We see again the large scale terra cotta model of the process, which the German engineers had perfected at Auschwitz II-Birkenau- the arrival of the transports, the undressing rooms with signs admonishing bewildered people to hang their belongings carefully and to remember the number of the wall pegs where they left them for quick retrieval later. The shower rooms that could fit in some cases entire transports, which were in fact the hermetically sealed gas chambers. The Germans above with their gas masks, waiting for the proper temperature to be reached through body heat, just the right humidity to be achieved before dropping in the pellets so the gas released would work more effectively. The anguished death throes of the thousands of naked figurines assault our senses. The process is not complete until the corpses are carried out by the sondercommando slaves, defiled for any gold fillings, the hair shorn from the women, the bodies then burned in the open air behind or cremated in the ovens.
But the tour is now just beginning. Minutes before, we were looking at a terra cotta model. And now in Block 5 we will be presented with the evidence. This is an exhibition, after all. Exhibit A is about to slap us in the face. Hard. It is a room, 50 feet long, with nothing but human hair piled several feet back and as many feet tall. My heart skips a beat.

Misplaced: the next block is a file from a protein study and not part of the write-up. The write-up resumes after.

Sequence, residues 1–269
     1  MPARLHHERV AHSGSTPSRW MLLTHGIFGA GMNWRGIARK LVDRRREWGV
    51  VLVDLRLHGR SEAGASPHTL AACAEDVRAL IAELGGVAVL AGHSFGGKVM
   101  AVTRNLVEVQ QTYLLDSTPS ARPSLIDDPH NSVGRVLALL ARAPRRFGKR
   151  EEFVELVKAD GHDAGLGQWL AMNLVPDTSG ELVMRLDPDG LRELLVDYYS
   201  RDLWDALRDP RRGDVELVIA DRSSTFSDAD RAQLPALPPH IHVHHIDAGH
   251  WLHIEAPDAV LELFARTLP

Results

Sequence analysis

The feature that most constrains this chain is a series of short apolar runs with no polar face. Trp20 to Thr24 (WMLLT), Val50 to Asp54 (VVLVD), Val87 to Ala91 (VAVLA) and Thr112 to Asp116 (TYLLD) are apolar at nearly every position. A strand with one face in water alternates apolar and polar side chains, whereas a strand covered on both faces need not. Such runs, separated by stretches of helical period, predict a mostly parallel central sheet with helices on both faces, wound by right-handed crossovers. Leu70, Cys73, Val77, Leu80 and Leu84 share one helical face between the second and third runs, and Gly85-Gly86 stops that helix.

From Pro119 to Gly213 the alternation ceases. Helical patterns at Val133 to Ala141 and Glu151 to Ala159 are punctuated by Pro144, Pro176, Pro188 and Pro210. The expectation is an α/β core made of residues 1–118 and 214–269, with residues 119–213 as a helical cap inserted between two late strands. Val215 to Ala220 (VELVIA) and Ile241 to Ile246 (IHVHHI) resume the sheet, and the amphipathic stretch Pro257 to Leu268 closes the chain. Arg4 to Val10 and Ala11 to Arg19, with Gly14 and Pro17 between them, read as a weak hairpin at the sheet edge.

What are my eyes perceiving? Now we see a photo of stacks of bale bags, carefully labeled, packed and stacked, awaiting shipment back to the Reich for use in various products for the German war effort. Slippers for submariners so they can walk quietly aboard ship to evade Allied sonar. Stuffing for the seats of German pilots.
We shuffle on in silence with hundreds of others past the spectacles, the pots and pans, the suitcases carefully labelled by their owners with chalk on the orders of the perpetrators, again, for “quick retrieval”. And the shoes. Sorted. Case after case of women’s shoes. Men’s footwear. And then the children’s shoes.
Our knowledgeable guide takes us into Block 27, the new exhibit on the Shoah. This is a temporary relief of sorts as now we see faces, film and stills, of pre war Jewish life, projected on the walls. We hear songs and voices. At the end is the Book of Life, containing four million names compiled thus far. A moving moment when E. and others in our tight knit group find entire pages with the names and dates of family members murdered during the Holocaust.